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The site of the Davis Refinery, pictured on July 31, 2018, southwest of Belfield, N.D.. Tom Stromme / Bismarck Tribune

Groups appeal decision over refinery near North Dakota's national park

BISMARCK — Environmental groups continued a legal challenge against an oil refinery that's slated to be built on the doorstep of Theodore Roosevelt National Park in southwest North Dakota Monday, July 15.

The Environmental Law and Policy Center, along with the Dakota Resource Council, filed a notice of appeal Monday in the state Supreme Court challenging a lower court decision.

In May, a North Dakota judge sided with state utility regulators who said they lacked siting authority over the facility because its capacity falls just under the legal threshold that triggers Public Service Commission review. State law requires a siting permit for facilities capable of refining 50,000 barrels per day or more, but Meridian Energy Group's plans call for a 49,500-barrel-per-day refinery.

Opponents, however, have noted that the company holds a permit from a separate state agency for a 55,000-barrel-per-day facility.

State health officials granted Meridian an air quality permit in June 2018, a decision opponents are challenging in the state Supreme Court through a separate case. A district judge affirmed the state's decision earlier this year.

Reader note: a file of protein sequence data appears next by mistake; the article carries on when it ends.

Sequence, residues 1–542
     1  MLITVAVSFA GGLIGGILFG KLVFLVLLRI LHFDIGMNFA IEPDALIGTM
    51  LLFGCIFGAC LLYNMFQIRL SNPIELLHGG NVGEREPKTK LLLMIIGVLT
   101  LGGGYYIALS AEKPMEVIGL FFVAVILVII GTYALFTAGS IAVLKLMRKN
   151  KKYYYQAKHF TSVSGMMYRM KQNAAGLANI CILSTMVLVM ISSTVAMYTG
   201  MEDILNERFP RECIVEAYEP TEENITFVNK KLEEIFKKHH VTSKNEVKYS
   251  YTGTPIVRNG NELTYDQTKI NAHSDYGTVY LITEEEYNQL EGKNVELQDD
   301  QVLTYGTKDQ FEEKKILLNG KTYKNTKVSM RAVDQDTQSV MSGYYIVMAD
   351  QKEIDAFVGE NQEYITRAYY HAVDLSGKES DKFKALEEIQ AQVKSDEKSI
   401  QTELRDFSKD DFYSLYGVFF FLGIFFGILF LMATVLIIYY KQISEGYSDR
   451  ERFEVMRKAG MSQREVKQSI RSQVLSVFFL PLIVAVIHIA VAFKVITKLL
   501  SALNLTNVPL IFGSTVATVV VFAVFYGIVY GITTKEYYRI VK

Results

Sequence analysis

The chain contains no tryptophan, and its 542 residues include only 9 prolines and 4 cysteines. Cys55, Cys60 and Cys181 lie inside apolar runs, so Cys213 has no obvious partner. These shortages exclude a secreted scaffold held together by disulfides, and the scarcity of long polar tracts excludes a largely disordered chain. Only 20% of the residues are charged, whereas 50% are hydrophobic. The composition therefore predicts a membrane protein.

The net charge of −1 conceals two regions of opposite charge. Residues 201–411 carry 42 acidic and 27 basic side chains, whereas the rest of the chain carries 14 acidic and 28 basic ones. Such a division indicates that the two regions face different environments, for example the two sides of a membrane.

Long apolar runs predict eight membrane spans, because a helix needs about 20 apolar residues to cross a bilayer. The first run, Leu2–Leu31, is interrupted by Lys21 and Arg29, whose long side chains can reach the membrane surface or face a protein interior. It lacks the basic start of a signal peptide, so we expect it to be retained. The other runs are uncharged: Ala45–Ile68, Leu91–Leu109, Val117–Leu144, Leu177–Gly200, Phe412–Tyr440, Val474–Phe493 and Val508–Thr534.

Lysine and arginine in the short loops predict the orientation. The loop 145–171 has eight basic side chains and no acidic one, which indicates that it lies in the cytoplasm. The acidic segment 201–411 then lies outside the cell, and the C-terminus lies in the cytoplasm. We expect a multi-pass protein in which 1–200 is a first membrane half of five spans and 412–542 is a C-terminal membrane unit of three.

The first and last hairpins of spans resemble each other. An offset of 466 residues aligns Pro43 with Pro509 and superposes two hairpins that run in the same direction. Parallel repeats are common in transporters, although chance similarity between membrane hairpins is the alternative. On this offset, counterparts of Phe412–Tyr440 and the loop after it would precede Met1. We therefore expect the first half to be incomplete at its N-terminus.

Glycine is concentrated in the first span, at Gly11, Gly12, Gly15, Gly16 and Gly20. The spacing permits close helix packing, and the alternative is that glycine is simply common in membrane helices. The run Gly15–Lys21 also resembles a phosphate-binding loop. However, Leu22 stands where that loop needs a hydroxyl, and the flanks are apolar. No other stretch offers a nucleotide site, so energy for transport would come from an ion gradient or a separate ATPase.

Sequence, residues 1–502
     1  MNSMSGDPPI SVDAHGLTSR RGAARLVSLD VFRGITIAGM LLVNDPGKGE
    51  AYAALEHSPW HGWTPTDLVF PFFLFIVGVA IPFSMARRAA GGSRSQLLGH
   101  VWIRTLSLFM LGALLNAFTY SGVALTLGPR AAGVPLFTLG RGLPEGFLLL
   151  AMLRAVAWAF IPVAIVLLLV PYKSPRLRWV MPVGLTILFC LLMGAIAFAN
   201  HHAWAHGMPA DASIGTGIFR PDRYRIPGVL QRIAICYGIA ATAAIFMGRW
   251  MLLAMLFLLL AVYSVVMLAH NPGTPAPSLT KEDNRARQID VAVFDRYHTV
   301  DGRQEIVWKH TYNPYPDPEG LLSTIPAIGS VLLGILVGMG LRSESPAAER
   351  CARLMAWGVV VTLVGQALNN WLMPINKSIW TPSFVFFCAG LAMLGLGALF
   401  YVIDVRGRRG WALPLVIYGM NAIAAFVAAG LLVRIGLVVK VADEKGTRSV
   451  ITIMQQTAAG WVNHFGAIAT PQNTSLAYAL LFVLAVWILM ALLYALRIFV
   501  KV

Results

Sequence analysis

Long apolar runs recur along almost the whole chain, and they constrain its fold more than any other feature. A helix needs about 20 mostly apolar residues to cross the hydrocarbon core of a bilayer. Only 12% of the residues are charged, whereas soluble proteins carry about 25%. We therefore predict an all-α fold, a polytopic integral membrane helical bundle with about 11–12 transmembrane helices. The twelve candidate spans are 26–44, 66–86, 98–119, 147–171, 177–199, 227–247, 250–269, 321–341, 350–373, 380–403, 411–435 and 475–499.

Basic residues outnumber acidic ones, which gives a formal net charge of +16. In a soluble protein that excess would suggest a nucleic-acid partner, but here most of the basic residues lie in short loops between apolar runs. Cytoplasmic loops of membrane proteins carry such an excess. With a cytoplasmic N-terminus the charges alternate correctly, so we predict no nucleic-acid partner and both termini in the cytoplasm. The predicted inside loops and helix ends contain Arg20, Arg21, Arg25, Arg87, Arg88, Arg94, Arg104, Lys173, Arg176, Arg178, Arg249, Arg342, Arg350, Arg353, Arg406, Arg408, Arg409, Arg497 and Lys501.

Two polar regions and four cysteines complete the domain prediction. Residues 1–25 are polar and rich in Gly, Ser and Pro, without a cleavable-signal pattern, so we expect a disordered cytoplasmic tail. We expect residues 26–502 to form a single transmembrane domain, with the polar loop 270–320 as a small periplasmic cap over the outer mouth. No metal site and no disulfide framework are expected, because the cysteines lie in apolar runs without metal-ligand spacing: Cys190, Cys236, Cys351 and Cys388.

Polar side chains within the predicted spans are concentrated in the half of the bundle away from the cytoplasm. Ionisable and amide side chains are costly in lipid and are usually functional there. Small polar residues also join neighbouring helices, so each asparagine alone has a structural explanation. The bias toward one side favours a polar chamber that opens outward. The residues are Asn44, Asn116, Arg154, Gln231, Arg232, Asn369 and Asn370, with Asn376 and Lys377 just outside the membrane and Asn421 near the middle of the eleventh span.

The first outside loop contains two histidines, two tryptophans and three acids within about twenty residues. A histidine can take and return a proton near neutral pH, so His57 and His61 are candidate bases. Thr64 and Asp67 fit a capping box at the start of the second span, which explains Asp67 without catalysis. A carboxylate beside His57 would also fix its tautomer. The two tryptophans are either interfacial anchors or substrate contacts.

Jim Semerad, director of air quality at the state Department of Environmental Quality, said they're keeping a "close eye" on the project and noted significant changes could require a permit change. He called the refining capacity figure an "indicator" for his agency but said it doesn't carry the same legal significance it does under the PSC's siting criteria.

A Meridian spokesman didn't immediately return a message seeking comment about the new appeal Monday afternoon. Previously, the spokesman said efforts to "push Meridian into a PSC siting process" were "a transparent attempt to slow down the project" since Billings County already approved it.

Refinery proponents argue the project would boost the local economy while being environmentally conscious. But environmental groups worry that it would threaten the natural beauty of North Dakota's Badlands.

John Hageman

John Hageman covers North Dakota politics from the Forum News Service bureau in Bismarck. He attended the University of Minnesota in the Twin Cities, where he studied journalism and political science, and he previously worked at the Grand Forks Herald and Bemidji Pioneer.  

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